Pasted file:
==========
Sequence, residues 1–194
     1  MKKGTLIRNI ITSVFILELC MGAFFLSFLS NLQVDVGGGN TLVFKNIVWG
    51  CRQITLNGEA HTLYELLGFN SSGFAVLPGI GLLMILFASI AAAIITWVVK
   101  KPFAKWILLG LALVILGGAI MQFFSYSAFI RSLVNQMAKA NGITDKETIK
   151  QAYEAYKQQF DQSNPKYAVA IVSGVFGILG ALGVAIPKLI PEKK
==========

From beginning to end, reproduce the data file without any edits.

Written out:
Sequence, residues 1–194
     1  MKKGTLIRNI ITSVFILELC MGAFFLSFLS NLQVDVGGGN TLVFKNIVWG
    51  CRQITLNGEA HTLYELLGFN SSGFAVLPGI GLLMILFASI AAAIITWVVK
   101  KPFAKWILLG LALVILGGAI MQFFSYSAFI RSLVNQMAKA NGITDKETIK
   151  QAYEAYKQQF DQSNPKYAVA IVSGVFGILG ALGVAIPKLI PEKK